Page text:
Personal supervision at Hull has undergone several transformations over the past ten years, but the core principle of students being able to access timely and supportive guidance from a named contact in their subject area has remained. Effective personal supervision has been found to offer several benefits to students including supporting them to integrate socially and academically, particularly during the critical first year of study (Yale, 2017; Grey & Osbourne, 2020). Personal supervisors can serve as a vital link between students’ programmes, Schools and wider academic and support services, acting as academic mentors and ultimately contributing to their continued engagement and success (Thomas, Nutt & Wall, 2009).
The current policy requires that a minimum of five supervision meetings should be provided across the academic year for Preliminary Certificate and Certificate stages, and a minimum of three for Diploma, Honours and taught Masters stages. Despite some of the potential benefits outlined, a frequent criticism of current and previous systems has been that students do not always prioritise personal supervision, leading to understandable frustration, of academics, at the time spent on arranging and rearranging meetings. The need to support students to engage with this potentially valuable resource has become more acute in recent years with an increased emphasis on student attendance, engagement, retention, achievement and satisfaction, alongside an increasingly diverse student population (McFarlane, 2016). One seemingly straightforward request from staff and students has therefore been for personal supervision to be embedded into the timetable.
A Curriculum Integrated Model (Earwaker, 1992; Thomas & Hixenbaugh, 2006) is one where group tutoring sessions are embedded into the curriculum and timetable. Group tutoring sessions are being used more regularly across higher education, partly as they can be more time-efficient but also as a means of helping students to develop a peer network of support (Grey & Osbourne, 2020). Inspired by similar projects in the subject areas of Psychology, Social Work and Biology, two Schools in the Faculty of Arts, Cultures and Education embarked on a project to integrate personal supervision into the timetable and curriculum. Here is what they learned from the experience.
The School of Criminology, Sociology & Policing
In 2022-2023 The School of Criminology, Sociology & Policing, as part of Transforming Programmes, embedded two personal supervision sessions into a core Level 4 module. The timetabling of these sessions was not an easy task with over 150 students and 25 supervisors to be allocated rooms and times. These sessions were directly linked to the module content but included the pastoral and academic elements of a meeting with the personal supervisor. Student attendance differed across the School with some students stating, they “wouldn’t come in for one hour”; therefore, highlighting timetabling as a barrier to attending. Even though attendance could have been improved, supervisors all stated they have met with more of their supervisees than in previous years. Those, 2022-2023, Level 4 students have all met with their personal supervisors on multiple occasions and have built a good foundation for communication and support. The building of staff student relations has clearly improved, and engagement and retention will continue to be monitored.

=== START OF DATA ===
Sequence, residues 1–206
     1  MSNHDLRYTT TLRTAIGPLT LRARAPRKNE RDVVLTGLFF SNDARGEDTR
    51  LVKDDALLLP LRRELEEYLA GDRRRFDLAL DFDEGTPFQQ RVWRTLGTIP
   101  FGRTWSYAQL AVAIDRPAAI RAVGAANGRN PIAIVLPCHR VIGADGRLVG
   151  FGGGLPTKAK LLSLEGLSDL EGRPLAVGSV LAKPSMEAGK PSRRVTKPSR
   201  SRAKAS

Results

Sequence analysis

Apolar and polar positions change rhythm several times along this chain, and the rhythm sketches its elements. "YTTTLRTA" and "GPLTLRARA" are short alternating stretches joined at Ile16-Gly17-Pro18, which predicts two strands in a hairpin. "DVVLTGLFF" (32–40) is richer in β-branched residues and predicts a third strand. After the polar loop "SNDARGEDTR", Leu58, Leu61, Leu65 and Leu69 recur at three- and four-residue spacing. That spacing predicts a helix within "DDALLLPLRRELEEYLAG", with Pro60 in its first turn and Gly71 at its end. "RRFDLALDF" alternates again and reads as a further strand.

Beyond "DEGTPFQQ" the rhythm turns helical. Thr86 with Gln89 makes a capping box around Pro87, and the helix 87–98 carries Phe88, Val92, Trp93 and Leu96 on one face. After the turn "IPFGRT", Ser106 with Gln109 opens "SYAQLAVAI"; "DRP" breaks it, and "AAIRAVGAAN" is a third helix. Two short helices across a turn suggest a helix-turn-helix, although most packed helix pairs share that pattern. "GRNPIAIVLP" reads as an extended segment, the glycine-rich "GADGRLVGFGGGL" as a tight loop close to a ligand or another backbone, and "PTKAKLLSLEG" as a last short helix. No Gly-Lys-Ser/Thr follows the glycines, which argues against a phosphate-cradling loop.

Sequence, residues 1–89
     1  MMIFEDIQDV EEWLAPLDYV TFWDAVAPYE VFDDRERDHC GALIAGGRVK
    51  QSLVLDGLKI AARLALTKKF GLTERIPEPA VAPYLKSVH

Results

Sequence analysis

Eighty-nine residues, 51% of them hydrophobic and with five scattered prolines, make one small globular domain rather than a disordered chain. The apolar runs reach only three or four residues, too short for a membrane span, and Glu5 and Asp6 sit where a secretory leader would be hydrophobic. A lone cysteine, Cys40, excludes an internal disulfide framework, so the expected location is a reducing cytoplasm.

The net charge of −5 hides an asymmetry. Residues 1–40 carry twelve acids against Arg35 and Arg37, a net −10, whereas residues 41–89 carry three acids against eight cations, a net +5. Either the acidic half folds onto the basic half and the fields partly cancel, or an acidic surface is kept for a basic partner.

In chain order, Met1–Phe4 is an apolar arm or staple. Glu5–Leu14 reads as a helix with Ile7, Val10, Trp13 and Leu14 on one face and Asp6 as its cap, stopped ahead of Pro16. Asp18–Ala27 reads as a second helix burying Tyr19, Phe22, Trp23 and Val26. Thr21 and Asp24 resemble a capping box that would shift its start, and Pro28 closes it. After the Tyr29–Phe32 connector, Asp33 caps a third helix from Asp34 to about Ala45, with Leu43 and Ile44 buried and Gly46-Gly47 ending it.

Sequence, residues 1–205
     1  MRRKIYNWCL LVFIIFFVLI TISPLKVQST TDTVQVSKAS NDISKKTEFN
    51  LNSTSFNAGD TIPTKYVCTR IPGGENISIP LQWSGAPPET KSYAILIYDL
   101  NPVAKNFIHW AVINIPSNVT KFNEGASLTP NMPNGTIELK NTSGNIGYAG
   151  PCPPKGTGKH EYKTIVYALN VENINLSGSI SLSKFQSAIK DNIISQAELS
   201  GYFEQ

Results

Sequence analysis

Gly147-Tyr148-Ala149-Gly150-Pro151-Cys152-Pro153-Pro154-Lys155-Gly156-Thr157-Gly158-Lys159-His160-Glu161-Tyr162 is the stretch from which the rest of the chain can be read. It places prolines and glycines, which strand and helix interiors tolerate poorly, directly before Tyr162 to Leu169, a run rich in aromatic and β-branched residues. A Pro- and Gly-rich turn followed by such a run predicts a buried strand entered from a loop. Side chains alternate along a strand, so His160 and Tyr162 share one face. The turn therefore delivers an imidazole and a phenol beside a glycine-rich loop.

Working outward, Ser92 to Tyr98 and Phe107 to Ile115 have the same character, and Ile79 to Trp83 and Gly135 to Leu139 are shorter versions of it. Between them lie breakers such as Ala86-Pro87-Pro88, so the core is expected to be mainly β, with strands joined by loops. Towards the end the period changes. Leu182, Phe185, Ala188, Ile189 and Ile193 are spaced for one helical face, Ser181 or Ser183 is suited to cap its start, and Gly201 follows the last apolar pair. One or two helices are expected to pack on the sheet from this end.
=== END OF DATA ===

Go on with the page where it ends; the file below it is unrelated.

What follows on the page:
For 2023-2024 the School of Criminology, Sociology & Policing has continued with the embedding of personal supervision sessions at Level 4 and extended this further to include Level 5. The number of sessions has doubled in each module to four, and they are timetabled on days when students have other timetabled teaching - acting upon the students’ concerns. Teaching weeks 3, 4, 5 and 10 have been chosen specifically as student data shows these are the weeks when retention dips in the School. As well as academic study skills activities, the School utilise the Crime Scene Room providing all students with opportunities of active learning and group work whilst in a smaller group. Module leaders ensure detailed information is sent to all supervisors prior to the sessions, so students all receive the same content and tasks.
The School of Education
In the same academic year, the School of Education (Education & Childhood) focused on embedding personal supervision for new Level 4 students into the timetable, without making direct links to curricula. This required the sessions to be linked to a module, but this was in name only (labelled as a ‘tutorial’). The purpose of these group ‘tutorials’ was made clear to students, and guidance was provided to staff and students. The guidance followed the framework set out in the University of Hull Code of Practice, with a focus on developing a sense of belonging and developing academic study skills. One-to-one meetings were offered on request.
An informal evaluation was carried out with both staff and students being asked about their experience of personal supervision carried out in this way. Attendance could not be compared to previous years’ as it was not timetabled previously, but some supervisors reported better attendance and engagement. Barriers to attendance included paid work commitments and long gaps between the group supervision meeting and other timetabled activities. Most students who responded were very positive about this mode of delivery, including the meetings being timetabled as it helped them to plan their time. They also stated that they enjoyed being able to talk in a small group and share experiences “...and realising that everyone feels the same”, as well as asking questions and receiving advice. It was clear that students also valued the offer of individual meetings to be able to talk more confidentially, but many did not feel that they required them.